with the shortest path protocol without jamming (SPT
Per)
and identify two nodes;the hub node and the degree node,
where the hub node is the node that forwards the greatest
number of messages and the degree node is the node with the
largest number of neighbors.In each jamming scenario,we
delete the hub/degree node.The protocols’ performances are
measured using two major evaluation methods:Load - number
of messages a node forwarded in the simulation;Participating
nodes - number of nodes that forwarded more/fewer messages
compared to the case without jamming.In Figure 1 B,we
see the nodes load while using the SPT
Per,SPT,BP
Back
in case of typical run of the simulation.From the results,
we can conclude that more nodes in the BP
Back (triangle)
increase their load (participating in the bypass procedures)
while this occurs in only a few cases of SPT (rectangle).The
more nodes participating,the more the network become load
Fig.1.(A) Backpressure Motivation,the thick line shows local bypassing
using a tree-based routing protocol while the thin lines showx a recovery
algorithm spreading the congestion over the sensor nodes.(B) An example of
nodes load of typical run of the simulation,jamming attack on node 90,in the
SPT only 6 nodes participating while in the BP
Back 25 nodes participating
(small figure,only nodes 40 50) in order to bypass the jamming area.(C)
Average and Standard Deviation of standard deviation loads computed over
20 simulations,Ave(SD
1
;:::;SD
20
),SD(SD
1
;:::;SD
20
).
balanced.Figure 1 C show the average and standard deviation
(SD) of the standard deviation loads computed over twenty
simulations.From the results,one can see that the SD is much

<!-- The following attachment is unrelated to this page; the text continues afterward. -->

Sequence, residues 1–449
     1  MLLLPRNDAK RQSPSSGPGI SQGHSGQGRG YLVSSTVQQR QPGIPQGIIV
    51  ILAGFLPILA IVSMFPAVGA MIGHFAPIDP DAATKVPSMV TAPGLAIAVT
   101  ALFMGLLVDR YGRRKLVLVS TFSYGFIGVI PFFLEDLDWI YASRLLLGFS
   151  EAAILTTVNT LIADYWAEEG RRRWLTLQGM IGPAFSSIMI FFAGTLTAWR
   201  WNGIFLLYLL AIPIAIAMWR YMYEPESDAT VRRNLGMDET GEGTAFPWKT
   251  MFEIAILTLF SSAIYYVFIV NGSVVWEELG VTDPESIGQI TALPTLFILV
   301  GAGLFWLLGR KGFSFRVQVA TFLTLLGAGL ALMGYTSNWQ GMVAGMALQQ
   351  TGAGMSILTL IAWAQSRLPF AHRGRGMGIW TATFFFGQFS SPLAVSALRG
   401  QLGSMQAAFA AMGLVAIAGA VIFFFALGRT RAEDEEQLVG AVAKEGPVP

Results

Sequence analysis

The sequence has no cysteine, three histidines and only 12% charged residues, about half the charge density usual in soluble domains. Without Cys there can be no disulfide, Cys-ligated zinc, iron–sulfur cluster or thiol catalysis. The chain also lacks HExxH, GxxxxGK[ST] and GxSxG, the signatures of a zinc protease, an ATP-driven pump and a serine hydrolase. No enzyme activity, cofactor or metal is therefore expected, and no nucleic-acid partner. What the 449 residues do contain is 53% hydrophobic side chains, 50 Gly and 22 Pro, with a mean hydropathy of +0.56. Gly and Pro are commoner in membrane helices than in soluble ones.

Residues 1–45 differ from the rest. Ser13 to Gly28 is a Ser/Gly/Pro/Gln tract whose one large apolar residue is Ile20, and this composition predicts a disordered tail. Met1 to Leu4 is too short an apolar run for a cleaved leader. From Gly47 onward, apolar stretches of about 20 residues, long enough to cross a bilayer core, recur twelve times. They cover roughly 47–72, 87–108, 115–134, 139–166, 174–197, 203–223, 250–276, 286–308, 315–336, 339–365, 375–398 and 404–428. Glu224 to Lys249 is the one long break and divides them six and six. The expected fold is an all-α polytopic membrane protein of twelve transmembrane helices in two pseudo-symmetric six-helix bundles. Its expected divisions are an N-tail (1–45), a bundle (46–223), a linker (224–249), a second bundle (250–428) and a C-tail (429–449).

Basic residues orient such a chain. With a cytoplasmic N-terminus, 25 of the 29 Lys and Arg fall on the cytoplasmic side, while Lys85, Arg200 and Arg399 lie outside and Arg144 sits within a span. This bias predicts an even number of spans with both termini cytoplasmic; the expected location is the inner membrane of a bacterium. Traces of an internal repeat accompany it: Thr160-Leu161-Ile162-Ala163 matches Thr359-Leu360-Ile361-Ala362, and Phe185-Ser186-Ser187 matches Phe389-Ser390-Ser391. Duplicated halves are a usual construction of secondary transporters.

bigger while trying to bypass the jamming area with only the
border’s nodes (SPT),compared to the case of spreading the
load over the network (BP
Back).
V.CONCLUSION
The contributions of this paper include adoption of a re-
covery algorithm based on a weighted backpressure function
into tree-based routing protocols,in order to bypass jamming
attacks in WSN.Moreover,our simulation results showed that
combining our recovery algorithm with shortest path protocol
improves the efficiency of WSN in terms of load,energy,
and number of nodes participating.For future work,we will
implement and simulate our recovery algorithm into the RPL
proposal;investigate the advantage and disadvantages of our
recovery algorithm compared to RPL local and global repairs
[6];and test the implantation on real sensor nodes,in order
to modify the R parameters and neighbor messages exchange
procedure.This research has received partial funding from the
WSAN4CIP project (FP7/225186) and HUMAN-MB08-2.
REFERENCES
[1]
Y.Park and E.-S.Jung,“Plus-Tree:A Routing Protocol for Wireless
Sensor Networks,” in ICHIT,Jeju,Korea,Nov.2006.
[2]
M.Li,I.Koutsopoulos,and R.Poovendran,“Optimal Jamming Attacks
and Network Defense Policies in Wireless Sensor Networks,” in INFO-
COM,May 2007.
[3]
S.Moeller,A.Sridharan,B.Ksrishnamachari,and O.Gnawali,“Routing
without routes:The backpressure collection protocol,” in IPSN,2010.
[4]
M.J.Neely and R.Urgaonkar,“Opportunism,backpressure,and stochas-
tic optimization with the wireless broadcast advantage,” in ACSSC,Oct.
2008,pp.30–41.
[5]
A.Dvir and A.V.Vasilakos,“Backpressure-based routing protocol for
DTNs,” in SIGCOMM,Sep.2010.
[6]
IETF,“Routing Over Low power and Lossy networks (ROLL) - Working
Group,” http://datatracker.ietf.org/wg/roll/.
[7]
A.Ker¨anen,J.Ott,and T.K¨arkk¨ainen,“The ONE Simulator for DTN
Protocol Evaluation,” in STT,March 2009.